Over the next centuries, ships transported millions of enslaved Africans across the Atlantic Ocean to the Americas. Most of these people were captured in African wars or raids in western and central Africa and transported in the Atlantic slave trade. The capture and transportation of Africans was a horrific experience and often lethal. Two captives died on the march to the Atlantic seacoast, where they were sold to European slavers. Before they boarded the ships, they were separated from family members, segregated by gender, and chained below decks in coffin-sized racks. Due to the lack of basic hygiene, malnourishment, and dehydration, diseases spread wildly. The women on the ships often endured rape by the crewmen. An estimated one-third of these unfortunate individuals died at sea. It took about six months from their capture in Africa to their arrival in America.

Slave auction in the South by Theodore R. Davis, 1861.

Slave auction in the South by Theodore R. Davis, 1861.

Upon arrival, they were auctioned to owners, who wanted them primarily as plantation workers. Though they came with varied customs, religious beliefs, and language, European standards and ideals were forced upon them once they arrived.

Despite the hardships, slaves managed to develop a strong cultural identity. A strong family and community life helped sustain African Americans in slavery. People often chose their partners, lived under the same roof, raised children, and protected each other. Introduced to Christianity, they developed their forms of worship.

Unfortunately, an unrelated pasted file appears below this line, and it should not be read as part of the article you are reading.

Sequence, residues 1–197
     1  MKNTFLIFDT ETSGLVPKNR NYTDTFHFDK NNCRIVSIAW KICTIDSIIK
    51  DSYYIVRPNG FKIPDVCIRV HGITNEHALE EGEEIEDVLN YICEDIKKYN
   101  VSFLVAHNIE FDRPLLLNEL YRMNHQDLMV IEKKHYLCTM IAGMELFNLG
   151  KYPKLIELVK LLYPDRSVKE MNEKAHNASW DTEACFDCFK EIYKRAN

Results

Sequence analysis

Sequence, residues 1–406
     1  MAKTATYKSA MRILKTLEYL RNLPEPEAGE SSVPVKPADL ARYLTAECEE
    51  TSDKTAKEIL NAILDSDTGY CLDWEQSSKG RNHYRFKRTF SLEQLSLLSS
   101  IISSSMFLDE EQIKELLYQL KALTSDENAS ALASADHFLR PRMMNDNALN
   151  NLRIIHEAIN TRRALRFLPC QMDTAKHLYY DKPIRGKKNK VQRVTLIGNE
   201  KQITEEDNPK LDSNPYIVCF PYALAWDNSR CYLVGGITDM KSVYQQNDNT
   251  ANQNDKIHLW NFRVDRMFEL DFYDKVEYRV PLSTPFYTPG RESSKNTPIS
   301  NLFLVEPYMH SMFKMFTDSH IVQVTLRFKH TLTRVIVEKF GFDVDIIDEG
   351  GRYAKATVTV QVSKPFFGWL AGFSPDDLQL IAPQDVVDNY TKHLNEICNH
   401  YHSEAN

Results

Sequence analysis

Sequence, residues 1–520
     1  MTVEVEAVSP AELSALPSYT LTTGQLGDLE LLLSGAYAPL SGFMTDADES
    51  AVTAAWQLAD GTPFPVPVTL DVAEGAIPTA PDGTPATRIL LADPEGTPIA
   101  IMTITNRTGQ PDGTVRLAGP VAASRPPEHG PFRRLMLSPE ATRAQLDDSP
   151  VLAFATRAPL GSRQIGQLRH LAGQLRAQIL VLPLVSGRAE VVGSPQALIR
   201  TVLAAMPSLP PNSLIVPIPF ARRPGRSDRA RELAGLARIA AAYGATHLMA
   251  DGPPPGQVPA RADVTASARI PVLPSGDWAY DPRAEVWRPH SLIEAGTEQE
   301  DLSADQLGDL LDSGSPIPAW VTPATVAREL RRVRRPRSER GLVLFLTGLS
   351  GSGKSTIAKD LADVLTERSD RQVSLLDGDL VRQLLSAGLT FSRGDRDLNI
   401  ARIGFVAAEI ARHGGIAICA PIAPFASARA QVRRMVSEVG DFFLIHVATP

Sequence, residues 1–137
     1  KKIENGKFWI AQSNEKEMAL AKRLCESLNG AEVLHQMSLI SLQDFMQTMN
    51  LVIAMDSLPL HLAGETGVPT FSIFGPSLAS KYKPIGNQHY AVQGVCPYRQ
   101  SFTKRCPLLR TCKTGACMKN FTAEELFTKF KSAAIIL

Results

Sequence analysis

Punishing a Slave.

Punishing a Slave.

However, brutal treatment at the hands of slaveholders threatened black family life. Slave owners could punish slaves harshly, and enslaved women experienced sexual exploitation at the hands of slaveholders and overseers. They lived constantly, fearing being sold away from their loved ones, with no chance of a reunion. Historians estimate that most slaves were sold at least once in their lives. No event was more traumatic in enslaved individuals’ lives than forcible separation from their families. People sometimes fled when they heard of an impending sale.

Massachusetts was the first colony to legalize slavery in 1641. Attempts to hold black servants beyond the typical term of indenture culminated in the legal establishment of black chattel slavery in Virginia in 1661 and all the English colonies by 1750. Other colonies followed suit by passing laws that passed slavery on to the children of slaves and making non-Christian imported servants slaves for life. This principle prevailed in the English colonies even though they would later win their independence and articulated national ideals opposing slavery.

Patriots of Color at the Battle of Bunker Hill in the American Revolution.

Patriots of Color at the Battle of Bunker Hill in the American Revolution.